Asha Iqbal, a musician and homeless activist, says she feels dehumanised by the strict rules in the emergency accommodation she is living in.
Her accommodation, which is operating as privately run emergency accommodation, forbids its residents from speaking to each other and that rule is applied very strictly, she says.
A young woman aged 19 died in the hotel recently, says Iqbal. Some of the other people living there knew her – but they were told not to discuss her death, she says.
It was the second death in the facility since she moved in a few months ago, she says.
“We are not allowed to mention their names, there is no card and flowers,” says Iqbal.
“It makes people feel like they are rubbish.”
A spokesperson for the Dublin Region Homeless Executive (DRHE) said the two deaths were included in a statistics compiled on deaths in homeless services.
Before Covid-19, Iqbal, who says she’s been in and out of homeless accommodation since she was 17, was working and sharing a rented apartment with a male friend.
During the pandemic, she says she lost her job, and due to a breakdown in the relationship with her friend, she had to leave the property suddenly.
“It was difficult to present as homeless during Covid-19,” she says, fearing she could end up on the streets: “I was terrified to go into homelessness at this time.”
Upon entering emergency accommodation in June 2020, Iqbal was handed a list of rules to abide by for the duration of her stay.
One particular rule states that people “are not allowed to stop for a chat on […] the landing and stair ways.”
Some say that the no-talking rule, along with other rules in emergency accommodation are quite common, and worry that they may infringe on people’s human rights — on top of this, there are questions regarding where these rules came from in the first place.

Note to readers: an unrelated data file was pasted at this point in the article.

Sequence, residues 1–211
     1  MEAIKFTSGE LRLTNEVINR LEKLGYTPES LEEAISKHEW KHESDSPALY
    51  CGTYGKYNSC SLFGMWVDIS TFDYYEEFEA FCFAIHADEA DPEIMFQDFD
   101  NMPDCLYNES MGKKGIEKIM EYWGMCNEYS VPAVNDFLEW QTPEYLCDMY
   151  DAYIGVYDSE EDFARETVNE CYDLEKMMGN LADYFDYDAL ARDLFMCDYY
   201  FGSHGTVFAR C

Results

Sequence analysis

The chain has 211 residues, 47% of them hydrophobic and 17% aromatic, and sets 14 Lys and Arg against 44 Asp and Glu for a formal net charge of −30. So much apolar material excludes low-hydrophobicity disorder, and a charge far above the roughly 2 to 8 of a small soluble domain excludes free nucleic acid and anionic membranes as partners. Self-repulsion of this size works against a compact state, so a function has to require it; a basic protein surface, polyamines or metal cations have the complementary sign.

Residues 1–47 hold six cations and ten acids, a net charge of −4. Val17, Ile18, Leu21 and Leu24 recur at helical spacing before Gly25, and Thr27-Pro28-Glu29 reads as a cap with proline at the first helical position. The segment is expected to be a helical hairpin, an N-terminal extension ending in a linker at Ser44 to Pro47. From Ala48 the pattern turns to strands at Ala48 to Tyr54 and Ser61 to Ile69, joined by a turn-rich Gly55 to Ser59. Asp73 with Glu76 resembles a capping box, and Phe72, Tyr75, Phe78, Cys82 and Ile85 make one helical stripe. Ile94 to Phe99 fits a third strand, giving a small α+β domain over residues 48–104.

Living in Fear
Will Cummings, an advocacy worker with Inner City Helping Homeless, says that a number of his clients staying in different hostels also report that the no-talking rule is in place.
The rules are so strict that they appear to infringe on the human rights of people experiencing homelessness, says Cummings.
“There is definitely an issue with rights,” he says.
The United Nations Universal Declaration of Human Rights includes freedom of expression and freedom of peaceful assembly.
“Businesses must respect human rights,” says Doireann Ansbro, senior research and policy officer with the Irish Council for Civil Liberties.
Ansbro says that the responsibility to ensure people’s human rights may be heightened when providing basic services like accommodation.
“People retain their human rights – including of freedom of expression – in private settings,” she says.
The no-talking policy is particularly prevalent in hostels where women live, says Cummings. It reminds him of The Handmaid’s Tale, he says. “It is quite scary”.
He says he first heard of the rule around a year ago, so he doesn’t think it’s a rule that’s been introduced due to Covid-19. He thinks that some version of the no talking rule is in place in at least nine homeless facilities in the city.
Cummings says that many of the staff working in emergency accommodation seem like nice people so he wonders where the rule originated from in the first place.
“These hostels are not all managed by the same people, so where is it coming from and why?” he says.
Like rule 30, for example, which states that “residents shall allow authorised staff of Dublin City Council or their agents to inspect their rooms/apartments allocated.”